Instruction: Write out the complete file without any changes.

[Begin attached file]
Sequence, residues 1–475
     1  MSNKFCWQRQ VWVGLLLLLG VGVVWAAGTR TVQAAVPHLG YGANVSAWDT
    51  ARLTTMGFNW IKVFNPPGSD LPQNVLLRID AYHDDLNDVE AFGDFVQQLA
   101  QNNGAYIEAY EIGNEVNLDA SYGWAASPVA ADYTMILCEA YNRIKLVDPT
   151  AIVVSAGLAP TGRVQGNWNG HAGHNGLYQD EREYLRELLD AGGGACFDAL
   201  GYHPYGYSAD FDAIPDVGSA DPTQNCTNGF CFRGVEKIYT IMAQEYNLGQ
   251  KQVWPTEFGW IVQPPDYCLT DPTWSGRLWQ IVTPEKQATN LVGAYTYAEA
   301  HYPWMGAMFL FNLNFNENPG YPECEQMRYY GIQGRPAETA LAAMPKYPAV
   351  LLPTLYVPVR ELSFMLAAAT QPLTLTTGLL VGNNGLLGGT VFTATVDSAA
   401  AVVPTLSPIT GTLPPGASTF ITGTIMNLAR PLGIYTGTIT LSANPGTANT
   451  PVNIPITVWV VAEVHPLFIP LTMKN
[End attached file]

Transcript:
Sequence, residues 1–475
     1  MSNKFCWQRQ VWVGLLLLLG VGVVWAAGTR TVQAAVPHLG YGANVSAWDT
    51  ARLTTMGFNW IKVFNPPGSD LPQNVLLRID AYHDDLNDVE AFGDFVQQLA
   101  QNNGAYIEAY EIGNEVNLDA SYGWAASPVA ADYTMILCEA YNRIKLVDPT
   151  AIVVSAGLAP TGRVQGNWNG HAGHNGLYQD EREYLRELLD AGGGACFDAL
   201  GYHPYGYSAD FDAIPDVGSA DPTQNCTNGF CFRGVEKIYT IMAQEYNLGQ
   251  KQVWPTEFGW IVQPPDYCLT DPTWSGRLWQ IVTPEKQATN LVGAYTYAEA
   301  HYPWMGAMFL FNLNFNENPG YPECEQMRYY GIQGRPAETA LAAMPKYPAV
   351  LLPTLYVPVR ELSFMLAAAT QPLTLTTGLL VGNNGLLGGT VFTATVDSAA
   401  AVVPTLSPIT GTLPPGASTF ITGTIMNLAR PLGIYTGTIT LSANPGTANT
   451  PVNIPITVWV VAEVHPLFIP LTMKN